PRZEMYSL, Poland — For Zaida Saleh, like for many observant Muslim women, manicures have long posed a religious problem.
With prayers five times a day, and a pre-prayer ritual that requires washing the hands and arms, fingernail polish has been mostly off limits because it prevents water from making contact with the nails.
A new “breathable” nail polish by a Polish company, Inglot, is changing that.
The company and some Muslims say the polish is the first of its kind because it lets air and moisture pass through to the nail. A craze has built up around it with Muslim women in recent months after an Islamic scholar in the United States tested its permeability and published an article saying that, in his view, it complies with Muslim law.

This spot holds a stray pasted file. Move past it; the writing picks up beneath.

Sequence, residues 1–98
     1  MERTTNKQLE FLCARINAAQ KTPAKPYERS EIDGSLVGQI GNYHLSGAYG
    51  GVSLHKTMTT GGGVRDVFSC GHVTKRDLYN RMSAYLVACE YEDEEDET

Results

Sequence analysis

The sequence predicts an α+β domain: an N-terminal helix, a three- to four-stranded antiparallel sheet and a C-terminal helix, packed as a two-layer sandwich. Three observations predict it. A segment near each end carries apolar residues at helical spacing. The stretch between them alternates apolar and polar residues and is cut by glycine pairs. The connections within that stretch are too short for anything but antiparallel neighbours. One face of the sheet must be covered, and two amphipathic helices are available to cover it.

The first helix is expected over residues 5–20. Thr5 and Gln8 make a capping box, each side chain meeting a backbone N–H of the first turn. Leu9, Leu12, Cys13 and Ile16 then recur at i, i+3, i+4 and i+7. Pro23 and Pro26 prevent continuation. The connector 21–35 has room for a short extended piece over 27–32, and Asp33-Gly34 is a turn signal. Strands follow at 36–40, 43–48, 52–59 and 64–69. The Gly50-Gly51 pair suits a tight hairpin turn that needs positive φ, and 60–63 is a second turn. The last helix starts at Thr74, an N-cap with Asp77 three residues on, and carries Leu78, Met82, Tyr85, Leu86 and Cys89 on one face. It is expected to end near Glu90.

“It’s huge,” said Saleh, 35, who hadn’t polished her nails in many years but immediately went out and bought five colors. “I am excited. I feel more feminine – and I just love it.”
The news has spread quickly, giving Inglot a boost in sales of the product, called O2M, for oxygen and moisture.
The nail polish now stands as one of the final life achievements of Wojciech Inglot, a Polish chemist and entrepreneur who developed it to create what he billed as a healthier alternative to traditional nail enamels. He died unexpectedly last Saturday at the age of 57.
Though the Muslim holy book, the Quran, does not specifically address the issue of nail polish, some Islamic scholars have said that water must touch the surface of the nail for the washing ritual to be done correctly.
Some Muslim women might put nail polish on after finishing the last prayer of the day before going out, and then take it off again before dawn prayers.
“This was a huge breakthrough for me,” said Saleh, who was born in Sri Lanka but now lives in Anaheim, Calif. “We are supposed to cover up, but nowhere does it say ‘don’t be fashionable.’ ”
It’s not clear if all Islamic scholars would agree on O2M’s permissibility, or on whether wearing polish falls in line with Muslim notions of modesty.